Mexico would retaliate against President Donald Trump's planned steel and aluminium tariffs by imposing tariffs of its own on the most 'politically sensitive' US goods, Economy Minister Ildefonso Guajardo said on Tuesday.
Mexico's Economy Minister Ildefonso Guajardo said Mexico was prepared to fight back and hit the US president where it hurts after Donald Trump shot down Mexican and Canadian proposals that the neighbouring nations be granted an exemption from the steep US tariffs.
"We would have to target our response at the things they export that are most politically sensitive and hit exactly those goods. We have the ability to respond," he told Mexican broadcaster Televisa.
He said the Mexican government was currently analysing which US exports it would tax.
"We won't be making that public until we see exactly what (the Americans) are going to do," he said.
A top Mexican strategist said such tariffs could target exports from states that voted for Mr Trump in 2016, and which he would need to win to secure re-election in 2020.
"The key is to get down to details on what's going to affect Michigan, what's going to affect Wisconsin, what is Ohio going to do, how will Iowa or Nebraska react," Moises Kalach, the head of the strategic council for international business at Mexico's Business Coordinating Council, said.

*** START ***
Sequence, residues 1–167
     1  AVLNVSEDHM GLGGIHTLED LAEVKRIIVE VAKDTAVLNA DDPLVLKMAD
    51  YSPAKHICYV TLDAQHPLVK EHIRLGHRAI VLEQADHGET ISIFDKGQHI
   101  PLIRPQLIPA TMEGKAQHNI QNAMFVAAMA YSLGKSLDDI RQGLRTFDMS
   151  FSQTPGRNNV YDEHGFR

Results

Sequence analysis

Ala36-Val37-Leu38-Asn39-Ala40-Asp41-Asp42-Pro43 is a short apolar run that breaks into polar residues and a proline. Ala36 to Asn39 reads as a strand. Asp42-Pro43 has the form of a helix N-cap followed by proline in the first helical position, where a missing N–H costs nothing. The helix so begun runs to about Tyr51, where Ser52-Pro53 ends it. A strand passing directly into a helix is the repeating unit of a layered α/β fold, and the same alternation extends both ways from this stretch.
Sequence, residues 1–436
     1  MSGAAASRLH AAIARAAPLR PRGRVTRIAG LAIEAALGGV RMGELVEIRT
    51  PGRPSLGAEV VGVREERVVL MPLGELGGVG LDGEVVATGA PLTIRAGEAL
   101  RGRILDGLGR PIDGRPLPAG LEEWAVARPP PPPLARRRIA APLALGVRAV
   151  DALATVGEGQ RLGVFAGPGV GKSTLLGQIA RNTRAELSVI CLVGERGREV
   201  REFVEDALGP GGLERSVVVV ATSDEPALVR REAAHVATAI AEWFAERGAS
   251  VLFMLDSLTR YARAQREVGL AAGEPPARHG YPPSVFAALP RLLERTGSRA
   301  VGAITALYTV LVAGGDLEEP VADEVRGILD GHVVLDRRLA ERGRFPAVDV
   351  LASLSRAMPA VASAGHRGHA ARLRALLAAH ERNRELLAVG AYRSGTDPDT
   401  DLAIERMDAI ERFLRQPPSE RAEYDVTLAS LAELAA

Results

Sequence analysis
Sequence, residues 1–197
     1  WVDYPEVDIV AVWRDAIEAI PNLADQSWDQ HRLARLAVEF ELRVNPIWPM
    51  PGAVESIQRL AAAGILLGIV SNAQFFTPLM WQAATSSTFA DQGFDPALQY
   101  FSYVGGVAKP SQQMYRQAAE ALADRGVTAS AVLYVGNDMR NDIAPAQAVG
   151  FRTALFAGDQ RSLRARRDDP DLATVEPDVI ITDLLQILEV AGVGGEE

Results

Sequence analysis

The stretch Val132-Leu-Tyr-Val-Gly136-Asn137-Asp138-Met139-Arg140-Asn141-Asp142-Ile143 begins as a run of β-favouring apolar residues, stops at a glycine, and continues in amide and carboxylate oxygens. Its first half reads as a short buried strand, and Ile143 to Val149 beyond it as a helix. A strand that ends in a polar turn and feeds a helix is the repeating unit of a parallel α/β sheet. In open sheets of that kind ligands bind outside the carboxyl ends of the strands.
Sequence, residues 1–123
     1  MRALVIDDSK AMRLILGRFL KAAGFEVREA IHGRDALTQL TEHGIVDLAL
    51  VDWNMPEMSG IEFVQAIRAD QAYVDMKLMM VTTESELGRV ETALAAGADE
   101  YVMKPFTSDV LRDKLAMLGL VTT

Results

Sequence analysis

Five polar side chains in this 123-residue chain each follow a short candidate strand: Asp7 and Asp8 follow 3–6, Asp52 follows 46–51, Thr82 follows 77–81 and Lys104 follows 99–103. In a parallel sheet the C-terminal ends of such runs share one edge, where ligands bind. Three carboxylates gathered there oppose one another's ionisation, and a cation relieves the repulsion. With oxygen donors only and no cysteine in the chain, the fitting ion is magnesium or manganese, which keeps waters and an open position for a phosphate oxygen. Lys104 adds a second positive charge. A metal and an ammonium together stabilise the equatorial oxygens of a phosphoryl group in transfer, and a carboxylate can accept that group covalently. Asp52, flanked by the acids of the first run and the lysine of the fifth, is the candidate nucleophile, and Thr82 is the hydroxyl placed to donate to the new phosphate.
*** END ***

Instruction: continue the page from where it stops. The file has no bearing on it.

"We can say to a given governor, this company exports 90 per cent of its production to Mexico, and it's going to be affected," he told Televisa.
The escalating row comes as the United States, Mexico and Canada renegotiate the North American Free Trade Agreement (NAFTA) that has linked their economies since 1994, and which Mr Trump has called the worst deal his country has ever signed.
On Monday, Mr Trump moved to hold the trade talks hostage to the tariffs, tweeting: "Tariffs on Steel and Aluminum will only come off if new & fair NAFTA agreement is signed."
Hours later, his top negotiator, US Trade Representative Robert Lighthizer, warned as the latest round of NAFTA talks wrapped up in Mexico City that they had been disappointing, yielding deals on just three new chapters out of about 30.
Canada, the top source of steel to the US market, has already vowed to take "appropriate, responsive measures" if the Trump administration goes ahead with the tariffs.
Germany, Britain, France and other US allies have also sounded the alarm over the impact the tariffs would have on their trade relationships with the United States.